Ransomware attacks are not new, but they are becoming increasingly more popular against schools and SMBs.
Hackers infiltrate your architecture’s first layer of encryption through a phishing email. Once they’re in, they freeze your devices, and either steal or threaten to steal your data. If you don’t pay them a hefty ransom (hence “ransomware”), they will eliminate your data and/or publish it on the dark web.
This threat is why businesses cannot be too diligent about cybersecurity. Without it, they are open to attacks that can cost them numerous days of downtime – not to mention expensive ransom payments.
In 2019 alone, the Better Business Bureau reported nearly 4,000 cases per day of ransomware involving businesses.
Here are a few best practices for small businesses to help protect against ransomware threats.
Backup your data regularly.
If you can restore your data from a cloud backup, your attacker loses leverage.
Test your backup systems regularly.
Backup systems can run out of storage or glitch. Test them regularly, and verify the recovery mechanisms actually work.
Use good patch management
Your technology infrastructure incorporates many components, each of which have security patch updates regularly. Make sure you are maintaining all of these in a timely manner:
- Computer operating systems
- Mobile device operating systems
- Firmware for devices like routers, printers, etc.
- IoT devices (smart security cameras, etc.)
Employ application whitelisting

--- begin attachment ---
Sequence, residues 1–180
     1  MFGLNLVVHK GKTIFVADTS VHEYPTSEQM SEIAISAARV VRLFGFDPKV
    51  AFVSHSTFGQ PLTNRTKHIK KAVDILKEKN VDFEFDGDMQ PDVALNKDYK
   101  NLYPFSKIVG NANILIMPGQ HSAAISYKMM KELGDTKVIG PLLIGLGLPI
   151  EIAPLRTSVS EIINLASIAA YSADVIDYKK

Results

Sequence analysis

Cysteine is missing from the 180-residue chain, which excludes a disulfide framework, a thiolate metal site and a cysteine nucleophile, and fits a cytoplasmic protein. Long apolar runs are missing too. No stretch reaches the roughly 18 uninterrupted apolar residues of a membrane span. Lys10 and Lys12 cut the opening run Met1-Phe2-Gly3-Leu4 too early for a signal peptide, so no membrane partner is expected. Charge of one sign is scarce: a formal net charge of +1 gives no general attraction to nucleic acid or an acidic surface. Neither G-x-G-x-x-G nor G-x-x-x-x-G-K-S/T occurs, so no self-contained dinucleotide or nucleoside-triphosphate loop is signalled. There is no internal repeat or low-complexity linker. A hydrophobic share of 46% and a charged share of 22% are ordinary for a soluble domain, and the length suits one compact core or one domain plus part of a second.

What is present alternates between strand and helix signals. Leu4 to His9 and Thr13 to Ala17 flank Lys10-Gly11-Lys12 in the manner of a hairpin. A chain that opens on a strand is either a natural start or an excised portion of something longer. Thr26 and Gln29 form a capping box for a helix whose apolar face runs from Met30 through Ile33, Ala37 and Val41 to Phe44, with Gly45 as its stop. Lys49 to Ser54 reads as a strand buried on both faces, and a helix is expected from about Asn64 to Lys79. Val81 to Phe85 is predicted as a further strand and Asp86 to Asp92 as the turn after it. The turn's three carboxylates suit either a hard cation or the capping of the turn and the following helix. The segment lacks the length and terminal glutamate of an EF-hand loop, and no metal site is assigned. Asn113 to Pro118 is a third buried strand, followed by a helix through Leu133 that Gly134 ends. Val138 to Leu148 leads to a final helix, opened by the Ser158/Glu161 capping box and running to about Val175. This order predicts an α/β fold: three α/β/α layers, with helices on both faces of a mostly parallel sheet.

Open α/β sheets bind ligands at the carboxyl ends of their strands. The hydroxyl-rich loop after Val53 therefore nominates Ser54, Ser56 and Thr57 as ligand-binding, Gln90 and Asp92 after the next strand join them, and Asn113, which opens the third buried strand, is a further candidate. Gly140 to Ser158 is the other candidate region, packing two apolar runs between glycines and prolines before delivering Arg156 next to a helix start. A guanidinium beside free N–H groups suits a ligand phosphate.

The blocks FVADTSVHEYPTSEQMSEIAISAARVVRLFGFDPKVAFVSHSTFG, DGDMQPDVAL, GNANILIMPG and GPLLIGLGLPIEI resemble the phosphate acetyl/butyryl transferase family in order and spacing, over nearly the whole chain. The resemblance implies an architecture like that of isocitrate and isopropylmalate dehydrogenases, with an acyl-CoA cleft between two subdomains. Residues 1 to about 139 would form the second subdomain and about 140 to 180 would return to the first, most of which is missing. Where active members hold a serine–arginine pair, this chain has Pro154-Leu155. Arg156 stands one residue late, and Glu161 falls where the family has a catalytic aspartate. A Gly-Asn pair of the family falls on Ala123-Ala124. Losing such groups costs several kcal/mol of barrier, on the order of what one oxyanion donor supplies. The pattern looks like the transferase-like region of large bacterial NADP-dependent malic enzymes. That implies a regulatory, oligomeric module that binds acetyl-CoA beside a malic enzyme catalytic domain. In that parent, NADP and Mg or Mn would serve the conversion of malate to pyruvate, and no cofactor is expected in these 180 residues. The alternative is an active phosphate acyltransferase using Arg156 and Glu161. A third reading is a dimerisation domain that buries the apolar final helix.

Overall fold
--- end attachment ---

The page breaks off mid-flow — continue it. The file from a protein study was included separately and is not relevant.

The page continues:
Whitelisting helps stop ransomware by stopping any process that isn’t approved (i.e., “whitelisted”).
Practice “Least Privilege”
Instead of giving everyone in the business administrative-level access in software applications and cloud storage systems, give all users the lowest access privilege they need to do their job.
Use a UTM Firewall with Web Protection
Unified Threat Management firewalls are more powerful than the consumer grade products that come with their ISP or router. They provide more protections against ransomware and malware. They also include web protection, which stops unauthorized download of malware.
Combining these practices with additional steps such as employee cybersecurity training and data handling policies can give you peace of mind as well as strengthen your overall security.
If you need help securing your network, Dice Communications can help evaluate your current IT strategy. We offer flexible and affordable managed services plans, as well as virtual CIO offerings that can help keep your business secure.